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Salty water power

A new way to get electricity out of water could prove to be worth its salt. Mixing salt water and fresh water in a container with carbon electrodes can produce clean, renewable energy, reports Doriano Brogioli of the Università degli Studi di Milano-Bicocca in Italy.
            The reaction’s main by-product is brackish water that could be dumped back into the sea, Brogioli says in a paper to be published online in Physical Review Letters .
            If further developed, the idea could be the basis for a new type of power plant that could be built in coastal areas, where natural sources of salt water and fresh water already exist, Brogioli says. A device developed using the method could have the potential to produce 1 kilowatt of electric power — enough to power a house, he says.
            The idea is feasible but “still in the early stages of development,” says materials scientist Yury Gogotsi of Drexel University in Philadelphia. It will take more research to “bring it to a stage where it can be made... into a large device that could handle cubic meters of water flow,” Gogotsi says.
            Brogioli likens his concept to the reverse of desalination, in which electricity is consumed to separate salt ions from seawater. In his method, the combination of fresh and salt water generates electricity when the ions diffuse through water.
            In the first stage of the process, salt water is pumped into a container with two charged carbon electrodes. Salt ions — positively charged sodium and negatively charged chloride — are attracted to the surface of one of the two carbon electrodes, depending on the ions’ charge. Next, fresh water is pumped into the container, and the salt ions diffuse away from the surface of the electrodes and mix in the fresh water. Like pulling a rubber band taut, pulling the salt ions away from the charged electrodes creates increased energy in the system — the potential for work.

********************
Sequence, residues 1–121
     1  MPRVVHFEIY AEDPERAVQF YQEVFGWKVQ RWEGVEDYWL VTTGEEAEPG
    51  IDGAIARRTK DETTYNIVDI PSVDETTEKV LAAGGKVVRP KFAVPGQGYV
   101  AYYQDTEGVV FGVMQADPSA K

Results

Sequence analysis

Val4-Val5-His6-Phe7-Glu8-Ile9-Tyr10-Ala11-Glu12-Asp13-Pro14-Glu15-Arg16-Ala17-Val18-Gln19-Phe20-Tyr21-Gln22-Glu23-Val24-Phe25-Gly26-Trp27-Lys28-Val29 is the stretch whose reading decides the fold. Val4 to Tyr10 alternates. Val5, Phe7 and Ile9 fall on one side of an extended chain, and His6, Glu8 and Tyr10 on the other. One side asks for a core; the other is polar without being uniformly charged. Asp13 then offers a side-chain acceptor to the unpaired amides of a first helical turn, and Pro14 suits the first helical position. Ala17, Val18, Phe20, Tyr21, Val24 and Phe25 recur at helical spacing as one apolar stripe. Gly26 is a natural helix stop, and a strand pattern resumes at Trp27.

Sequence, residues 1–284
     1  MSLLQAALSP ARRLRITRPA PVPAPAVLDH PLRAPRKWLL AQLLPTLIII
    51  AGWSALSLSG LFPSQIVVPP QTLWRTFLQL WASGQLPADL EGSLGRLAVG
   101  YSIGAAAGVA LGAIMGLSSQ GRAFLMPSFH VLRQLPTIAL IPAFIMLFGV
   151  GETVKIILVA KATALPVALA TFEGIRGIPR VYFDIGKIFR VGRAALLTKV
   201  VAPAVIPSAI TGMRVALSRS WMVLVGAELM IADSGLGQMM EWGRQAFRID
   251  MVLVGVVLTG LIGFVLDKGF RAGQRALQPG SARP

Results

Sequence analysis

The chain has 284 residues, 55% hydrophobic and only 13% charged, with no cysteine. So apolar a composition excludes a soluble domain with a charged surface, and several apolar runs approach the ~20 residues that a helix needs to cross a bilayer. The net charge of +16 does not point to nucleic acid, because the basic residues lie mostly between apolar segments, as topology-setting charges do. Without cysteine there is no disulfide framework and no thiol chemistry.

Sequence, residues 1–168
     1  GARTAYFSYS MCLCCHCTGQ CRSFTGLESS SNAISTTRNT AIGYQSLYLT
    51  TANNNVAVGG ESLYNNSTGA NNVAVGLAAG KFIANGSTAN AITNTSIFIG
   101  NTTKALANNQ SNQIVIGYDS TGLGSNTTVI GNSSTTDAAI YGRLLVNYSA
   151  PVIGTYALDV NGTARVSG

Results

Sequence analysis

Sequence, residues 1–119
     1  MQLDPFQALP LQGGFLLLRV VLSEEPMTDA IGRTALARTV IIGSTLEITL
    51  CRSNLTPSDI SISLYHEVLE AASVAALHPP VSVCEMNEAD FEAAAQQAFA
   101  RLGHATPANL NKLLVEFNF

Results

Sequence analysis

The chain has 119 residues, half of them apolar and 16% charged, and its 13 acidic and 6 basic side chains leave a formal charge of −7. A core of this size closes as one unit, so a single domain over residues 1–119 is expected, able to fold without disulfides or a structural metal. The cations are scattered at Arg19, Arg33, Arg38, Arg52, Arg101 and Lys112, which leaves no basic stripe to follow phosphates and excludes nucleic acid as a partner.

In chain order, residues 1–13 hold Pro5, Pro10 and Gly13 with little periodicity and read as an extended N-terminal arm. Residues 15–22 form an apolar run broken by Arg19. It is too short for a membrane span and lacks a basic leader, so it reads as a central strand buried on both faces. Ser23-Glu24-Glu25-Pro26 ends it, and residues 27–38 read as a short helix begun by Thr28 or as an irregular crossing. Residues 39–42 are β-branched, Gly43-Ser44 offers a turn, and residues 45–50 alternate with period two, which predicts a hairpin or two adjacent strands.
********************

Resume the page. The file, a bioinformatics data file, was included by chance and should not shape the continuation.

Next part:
The amount of energy generated is similar to that harnessed through existing techniques that use fresh and salt water to produce electricity, but at a fraction of the cost, Brogioli says.
            Since the 1970s, people have been exploring ways of getting energy from salt water. But many of those methods produce energy from the flow of water across membranes that separate fresh from salt water.
            Yet making and maintaining the membranes has proved expensive compared to other sources of renewable energy. The field did not receive attention again until recently, when advances in materials and a drive to find renewable energy resources made the process a popular line of research, Gogotsi says.
            Even if a device designed from Brogioli’s method could be used only in areas with a natural abundance of salt water and fresh water, Gogotsi says, it would be a welcome addition to existing renewable energy options such as solar and wind power. Given the limited amounts of fossil fuels in the Earth, “we will have to move to renewable energy sources one way or another,” he says.

Source: Science News

 

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